The U.S.-based National Enquirer published a rare apology and retraction in its British edition Tuesday to pop star Britney Spears, whom the tabloid last month reported was ready to split from husband Kevin Federline.

A London lawyer representing American Media Inc., the Boca Raton, Florida-based publisher of the National Enquirer, signed a settlement agreement with Paul Tweed, the Belfast lawyer representing Spears in Britain and Ireland. The settlement requires a published apology, but no cash damages.

Spears pursued a libel action on this side of the Atlantic, rather than in the United States, because British and Irish laws are much more plaintiff-friendly.

Celebrity Center: Britney Spears

Media lawyers say such cases could become increasingly popular when targeting U.S.-based publications with even a small overseas distribution.

Whereas U.S. libel law requires a celebrity to prove that an article was both false and published maliciously, British and Irish libel law places the burden of proof on the publisher of such material.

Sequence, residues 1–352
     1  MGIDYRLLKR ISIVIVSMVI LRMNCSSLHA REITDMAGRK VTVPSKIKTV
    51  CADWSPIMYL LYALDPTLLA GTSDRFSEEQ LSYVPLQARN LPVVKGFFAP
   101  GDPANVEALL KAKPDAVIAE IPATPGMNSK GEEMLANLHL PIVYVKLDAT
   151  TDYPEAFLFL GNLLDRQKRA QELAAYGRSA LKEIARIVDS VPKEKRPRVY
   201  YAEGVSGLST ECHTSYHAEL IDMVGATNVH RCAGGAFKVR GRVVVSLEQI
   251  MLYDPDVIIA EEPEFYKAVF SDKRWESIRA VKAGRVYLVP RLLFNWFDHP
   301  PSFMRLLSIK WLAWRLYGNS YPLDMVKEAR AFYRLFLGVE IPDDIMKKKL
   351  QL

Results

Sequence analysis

The offending articles were published June 5 and June 12 under the headlines "Britney marriage is over!" and "Britney and Kevin: And now their divorce!" Both stories were vaguely sourced to unidentified friends of the couple.

The apology and retraction was published Tuesday in the British edition in England, Northern Ireland, Scotland and Wales and was being published Wednesday in its Republic of Ireland version.

It said that National Enquirer officials "now accept that their marriage is not over and they are not getting divorced. These allegations are untrue and we now accept Britney's position that the statements are without foundation. We apologize for any distress caused."

"The couple are very satisfied with the Enquirer's prompt and good-faith response," Tweed said in a telephone interview from Cape Cod, Massachusetts, where he is on vacation. He confirmed that the settlement meant the National Enquirer would not be sued, nor required to publish the apology, in the United States.

London lawyer Niri Shan, who represented American Media, declined to comment.

The office of National Enquirer chief executive David Pecker referred The Associated Press to a New York public-relations firm that wasn't immediately aware of the lawsuit or settlement.